The opinion of the court was delivered by: BRODERICK
Broderick, District Judge.
This matter is before the Court on the motion of the defendants to transfer the above-captioned case to the United States District Court for the Southern District of New York, pursuant to 28 U.S.C. § 1404(a). The complaint in this shareholder derivative action filed on July 6, 1973 alleges that the defendants, George Chestnutt and Chestnutt Corporation, the defendant Fund's investment advisor, have entered into a self-dealing investment advisory agreement which is unfair to the shareholders of the defendant Fund. The complaint also alleges that the proxy statements of the Fund requesting shareholder approval of the investment advisory agreement are false and misleading. On July 11, 1973 this Court held a hearing on the plaintiff's motion to enjoin the Fund's July 17, 1973 annual meeting and the defendants' motion to transfer this action to the United States District Court for the Southern District of New York. By Memorandum and Order of July 13, 1973, 363 F. Supp. 291 this Court denied plaintiff's motion to enjoin the Fund's annual meeting. We shall now determine the motion to transfer.
For the reasons hereinafter stated, we feel compelled to transfer this case to the United States District Court for the Southern District of New York. The motion to transfer is governed by 28 U.S.C. § 1404(a), which provides in pertinent part:
(a) For the convenience of parties and witnesses, in the interest of justice, a district court may transfer any civil action to any other district or division where it might have been brought.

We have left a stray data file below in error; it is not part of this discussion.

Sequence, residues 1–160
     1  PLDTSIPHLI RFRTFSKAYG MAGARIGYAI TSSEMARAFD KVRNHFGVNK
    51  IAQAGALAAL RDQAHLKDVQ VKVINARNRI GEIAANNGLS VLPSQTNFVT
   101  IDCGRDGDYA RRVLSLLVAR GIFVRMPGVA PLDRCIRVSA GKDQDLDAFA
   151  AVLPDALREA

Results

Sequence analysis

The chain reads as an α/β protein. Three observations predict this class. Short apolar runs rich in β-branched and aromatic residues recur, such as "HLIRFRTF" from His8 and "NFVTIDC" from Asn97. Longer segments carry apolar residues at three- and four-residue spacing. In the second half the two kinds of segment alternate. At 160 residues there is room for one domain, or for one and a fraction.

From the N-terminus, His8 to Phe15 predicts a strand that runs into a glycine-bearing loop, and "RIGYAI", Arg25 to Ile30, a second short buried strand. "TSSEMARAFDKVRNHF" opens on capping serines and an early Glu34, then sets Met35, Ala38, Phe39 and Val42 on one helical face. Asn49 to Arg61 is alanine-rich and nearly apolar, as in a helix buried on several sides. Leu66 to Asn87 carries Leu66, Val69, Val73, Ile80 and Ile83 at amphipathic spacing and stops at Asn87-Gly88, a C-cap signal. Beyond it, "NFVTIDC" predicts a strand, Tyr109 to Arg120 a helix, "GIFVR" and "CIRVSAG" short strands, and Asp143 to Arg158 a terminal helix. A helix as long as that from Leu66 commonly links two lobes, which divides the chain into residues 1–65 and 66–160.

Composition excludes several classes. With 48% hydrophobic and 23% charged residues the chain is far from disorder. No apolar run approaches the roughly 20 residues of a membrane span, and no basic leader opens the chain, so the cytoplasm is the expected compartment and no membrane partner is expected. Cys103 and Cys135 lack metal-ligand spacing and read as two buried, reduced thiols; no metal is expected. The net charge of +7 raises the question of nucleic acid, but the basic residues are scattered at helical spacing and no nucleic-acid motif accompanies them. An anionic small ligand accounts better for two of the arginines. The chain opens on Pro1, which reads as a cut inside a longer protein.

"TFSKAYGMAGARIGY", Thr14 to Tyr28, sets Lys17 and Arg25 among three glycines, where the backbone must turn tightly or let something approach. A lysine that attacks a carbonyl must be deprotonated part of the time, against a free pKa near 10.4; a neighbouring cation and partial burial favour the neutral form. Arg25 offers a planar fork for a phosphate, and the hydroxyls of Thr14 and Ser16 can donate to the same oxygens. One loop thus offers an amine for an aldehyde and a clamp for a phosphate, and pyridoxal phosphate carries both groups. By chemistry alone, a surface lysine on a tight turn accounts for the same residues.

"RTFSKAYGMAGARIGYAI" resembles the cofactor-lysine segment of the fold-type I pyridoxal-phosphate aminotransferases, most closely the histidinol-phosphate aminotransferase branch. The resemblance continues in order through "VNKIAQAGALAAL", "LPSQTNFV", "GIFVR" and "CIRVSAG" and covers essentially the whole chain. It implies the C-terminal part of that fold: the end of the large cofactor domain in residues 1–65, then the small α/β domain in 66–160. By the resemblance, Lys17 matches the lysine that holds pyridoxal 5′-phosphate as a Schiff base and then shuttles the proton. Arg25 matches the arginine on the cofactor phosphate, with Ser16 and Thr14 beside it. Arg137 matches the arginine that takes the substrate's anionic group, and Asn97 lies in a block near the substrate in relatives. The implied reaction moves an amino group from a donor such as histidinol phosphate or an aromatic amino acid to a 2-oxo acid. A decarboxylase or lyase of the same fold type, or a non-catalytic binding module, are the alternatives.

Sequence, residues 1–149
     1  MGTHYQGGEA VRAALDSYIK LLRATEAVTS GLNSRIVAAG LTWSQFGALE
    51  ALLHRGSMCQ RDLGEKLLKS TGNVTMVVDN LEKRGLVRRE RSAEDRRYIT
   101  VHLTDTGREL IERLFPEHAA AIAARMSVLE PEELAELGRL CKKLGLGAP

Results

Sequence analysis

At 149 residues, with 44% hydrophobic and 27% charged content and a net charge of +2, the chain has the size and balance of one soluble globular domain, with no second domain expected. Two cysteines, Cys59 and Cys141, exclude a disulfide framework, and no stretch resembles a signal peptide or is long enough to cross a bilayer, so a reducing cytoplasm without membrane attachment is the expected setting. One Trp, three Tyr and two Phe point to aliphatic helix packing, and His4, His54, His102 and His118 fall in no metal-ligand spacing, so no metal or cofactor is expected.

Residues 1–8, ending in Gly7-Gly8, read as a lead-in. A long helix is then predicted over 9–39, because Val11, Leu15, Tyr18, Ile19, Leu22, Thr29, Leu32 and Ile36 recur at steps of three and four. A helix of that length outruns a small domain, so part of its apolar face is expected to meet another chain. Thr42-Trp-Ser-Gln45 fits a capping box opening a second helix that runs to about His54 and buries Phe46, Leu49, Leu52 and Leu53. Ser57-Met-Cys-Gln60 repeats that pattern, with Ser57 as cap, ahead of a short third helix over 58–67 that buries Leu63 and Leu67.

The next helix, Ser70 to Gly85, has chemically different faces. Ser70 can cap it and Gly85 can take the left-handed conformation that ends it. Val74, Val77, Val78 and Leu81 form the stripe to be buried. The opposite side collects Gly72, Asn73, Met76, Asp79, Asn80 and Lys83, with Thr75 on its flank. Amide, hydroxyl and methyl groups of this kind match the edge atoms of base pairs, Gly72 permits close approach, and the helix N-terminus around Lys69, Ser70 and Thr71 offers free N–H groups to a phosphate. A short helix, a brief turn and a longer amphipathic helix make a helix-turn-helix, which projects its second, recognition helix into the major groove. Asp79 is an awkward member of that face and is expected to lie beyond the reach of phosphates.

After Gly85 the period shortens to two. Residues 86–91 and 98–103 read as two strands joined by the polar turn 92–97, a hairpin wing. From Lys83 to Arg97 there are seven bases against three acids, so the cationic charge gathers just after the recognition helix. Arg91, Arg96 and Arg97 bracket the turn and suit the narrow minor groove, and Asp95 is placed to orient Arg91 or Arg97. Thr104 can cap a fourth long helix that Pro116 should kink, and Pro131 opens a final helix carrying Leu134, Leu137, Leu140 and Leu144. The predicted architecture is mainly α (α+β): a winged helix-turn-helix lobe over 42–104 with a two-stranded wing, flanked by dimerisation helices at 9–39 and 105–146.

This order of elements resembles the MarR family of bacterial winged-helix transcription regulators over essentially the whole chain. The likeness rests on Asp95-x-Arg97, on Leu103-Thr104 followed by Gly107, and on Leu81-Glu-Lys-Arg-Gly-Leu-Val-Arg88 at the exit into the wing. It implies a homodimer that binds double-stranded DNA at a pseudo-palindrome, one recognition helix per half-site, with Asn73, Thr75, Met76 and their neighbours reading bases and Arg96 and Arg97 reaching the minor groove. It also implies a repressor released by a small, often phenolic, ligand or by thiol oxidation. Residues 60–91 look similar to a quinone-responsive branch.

In determining whether this case should be transferred to the Southern District of New York, we note that the only connection which exists between any of the parties or the acts complained of and this District is that Richard A. Ash, Esq., the plaintiff's attorney, and Marvin F. Galfand, Esq., her son and business advisor, both maintain offices in this District. The affidavit submitted by the defendants indicates that all of the relevant transactions which are the basis for the complaint occurred in either New York or Greenwich, Connecticut. None of the defendants maintains an office in or resides in the Eastern District of Pennsylvania; they all reside, principally transact business, and maintain their principal places of business in New York and Greenwich, Connecticut. All of the witnesses who might be called upon to testify in this action, including the plaintiff, reside in either New Jersey, Connecticut or New York, and all the records of the Fund and the Chestnutt Corporation are located in Connecticut or New York. Consequently, it seems clear that the convenience of the witnesses and the convenience of the defendants are best served by transferring this case to the Southern District of New York, which is the focal point of all the transactions complained of by plaintiff and is the place where the plaintiff purchased her shares.